Speaking about her feelings towards the statements made by the PM, Newlove said: “I was dismayed with it. Because at the end of the day, we need to fully understand how women feel. If the rhetoric is we’re going to have an inquiry for Sarah Everard, for the prime minister to dismiss [making misogyny a hate crime] is not really to have understood what happened to her. I’m disappointed and hopefully the government will start to listen.”
She added: “We are probing the government to listen, and hopefully they will take it onboard and they will accept it. This is not just one woman on a mission, we’ve got men also on the amendment who will stand up and say it’s much needed. I won’t give up and I’ll keep probing because it’s very important that we recognise this as a building block to make people feel safe.”
PM Boris Johnson has said that there is “abundant” existing legislation with which to tackle violence against women and girls, but clearly, it isn’t working, and many have lost faith in the justice system.
Moreover, in light of the rhetoric pushed forward by the country’s leaders and police forces, it is important to emphasise that women should not be pressured to change their behaviour to protect themselves. As Deniz Uğur from the End Violence Against Women Coalition says: “We need to finally see the focus shift to addressing the attitudes and behaviour of perpetrators.”
At the beginning of October, The Guardian published the data Karen Ingala Smith compiled on the number of women killed since Sarah Everard’s life was taken. These women are:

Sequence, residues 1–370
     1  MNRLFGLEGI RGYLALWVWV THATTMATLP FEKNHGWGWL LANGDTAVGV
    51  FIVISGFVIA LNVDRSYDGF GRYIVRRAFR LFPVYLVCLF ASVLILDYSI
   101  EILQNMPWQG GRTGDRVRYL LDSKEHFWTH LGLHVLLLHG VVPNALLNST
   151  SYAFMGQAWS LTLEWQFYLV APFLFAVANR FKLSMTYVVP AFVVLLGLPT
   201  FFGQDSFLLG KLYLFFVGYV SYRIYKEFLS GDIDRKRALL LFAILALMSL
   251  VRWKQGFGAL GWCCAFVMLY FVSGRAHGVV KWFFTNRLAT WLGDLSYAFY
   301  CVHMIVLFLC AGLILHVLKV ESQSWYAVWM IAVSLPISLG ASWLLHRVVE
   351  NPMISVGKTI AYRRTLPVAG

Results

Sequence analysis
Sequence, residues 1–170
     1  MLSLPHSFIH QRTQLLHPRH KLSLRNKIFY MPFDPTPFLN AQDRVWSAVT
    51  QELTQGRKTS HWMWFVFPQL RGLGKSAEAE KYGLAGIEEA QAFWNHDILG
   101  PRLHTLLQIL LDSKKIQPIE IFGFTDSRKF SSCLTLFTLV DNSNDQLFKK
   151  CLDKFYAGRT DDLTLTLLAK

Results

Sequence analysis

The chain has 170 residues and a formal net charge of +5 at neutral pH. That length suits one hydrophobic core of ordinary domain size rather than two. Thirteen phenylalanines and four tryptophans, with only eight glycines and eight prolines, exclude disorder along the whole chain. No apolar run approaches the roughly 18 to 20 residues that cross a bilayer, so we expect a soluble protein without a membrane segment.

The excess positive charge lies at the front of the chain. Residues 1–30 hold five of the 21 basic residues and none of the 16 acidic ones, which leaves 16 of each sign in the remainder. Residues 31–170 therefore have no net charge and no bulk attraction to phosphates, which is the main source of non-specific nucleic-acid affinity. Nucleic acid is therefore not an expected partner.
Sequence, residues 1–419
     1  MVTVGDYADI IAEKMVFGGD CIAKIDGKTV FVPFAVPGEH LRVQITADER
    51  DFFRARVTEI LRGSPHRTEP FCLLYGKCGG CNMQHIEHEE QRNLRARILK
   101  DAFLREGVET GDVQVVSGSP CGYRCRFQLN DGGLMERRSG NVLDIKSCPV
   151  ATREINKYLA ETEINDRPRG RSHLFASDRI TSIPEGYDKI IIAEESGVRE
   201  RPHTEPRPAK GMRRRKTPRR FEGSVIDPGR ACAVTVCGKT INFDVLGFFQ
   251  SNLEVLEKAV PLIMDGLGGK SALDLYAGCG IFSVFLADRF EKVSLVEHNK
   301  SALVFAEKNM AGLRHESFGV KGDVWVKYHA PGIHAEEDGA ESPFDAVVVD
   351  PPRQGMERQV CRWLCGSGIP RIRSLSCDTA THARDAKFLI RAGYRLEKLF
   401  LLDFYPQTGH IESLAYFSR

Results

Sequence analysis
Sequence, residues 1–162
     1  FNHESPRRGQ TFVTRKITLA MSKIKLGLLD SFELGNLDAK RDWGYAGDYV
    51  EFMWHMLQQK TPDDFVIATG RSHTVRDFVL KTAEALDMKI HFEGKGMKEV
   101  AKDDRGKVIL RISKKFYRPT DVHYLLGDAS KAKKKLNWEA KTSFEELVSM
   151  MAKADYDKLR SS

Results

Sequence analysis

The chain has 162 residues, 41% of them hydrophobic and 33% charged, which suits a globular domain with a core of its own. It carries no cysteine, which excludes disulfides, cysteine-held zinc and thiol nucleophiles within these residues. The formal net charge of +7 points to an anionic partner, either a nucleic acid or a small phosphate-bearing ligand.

Sarah Geetika Goyal, Imogen Bohajczuk, Wenjing Xu, Karen McClean, Stacey Knell, Smita Mistry, Sammy Mills, Patricia Audsley, Phyllis Nelson, Klaudia Soltys, Simone Ambler, Emma McArthur, Sherrie Milnes, Constanta Bunea, Jacqueline Grant, Loretta Herman, Egle Vengaliene, Sally Metcalf, Sarah Keith, Peggy Wright, Charmaine O’Donnell, Michelle Cooper, Kerry Bradford, Julia James, Beth Aspey, Susan Booth,Mayra Zulfiqar, Maria Rawlings, Chenise Gregory, Agnes Akom, Wendy Cole, Caroline Crouch, Svetlana Mihalachi, Nicola Kirk, Unnamed woman, Agita Geslere, Lauren Wilson, Peninah Kabeba, Jill Hickery, Bethany Vincent, Esther Brown, Michaela Hall, Mildred Whitmore, Stacey Clay, Linda Hood, Marlene Coleman, Sophie Cartlidge, Gracie Spinks, Michelle Hibbert, Kim Dearden, Sally Poynton, Catherine Wardleworth, Sukhjit Badial, Elsie Pinder, Catherine Stewart, Ishrat Ahmed, Tamara Padi, Katie Brankin, Sandra Hughes, Beatrice Stoica, Pat Holland, Yordanos Brhane, Amanda Selby, Louise Kam, Malgorzata Lechanska, Megan Newborough,Diana Nichols, Maxine Davison, Kate Shepherd, Bella Nicandro, Eileen Barrott, Sharon Pickles, Helen Anderson, Jade Ward, Maddie Durdant-Hollamby,Fawziyah Javed, Ingrid Matthew, Sabina Nessa, Unnamed woman, Terri Harris, Sukhjeet Uppal.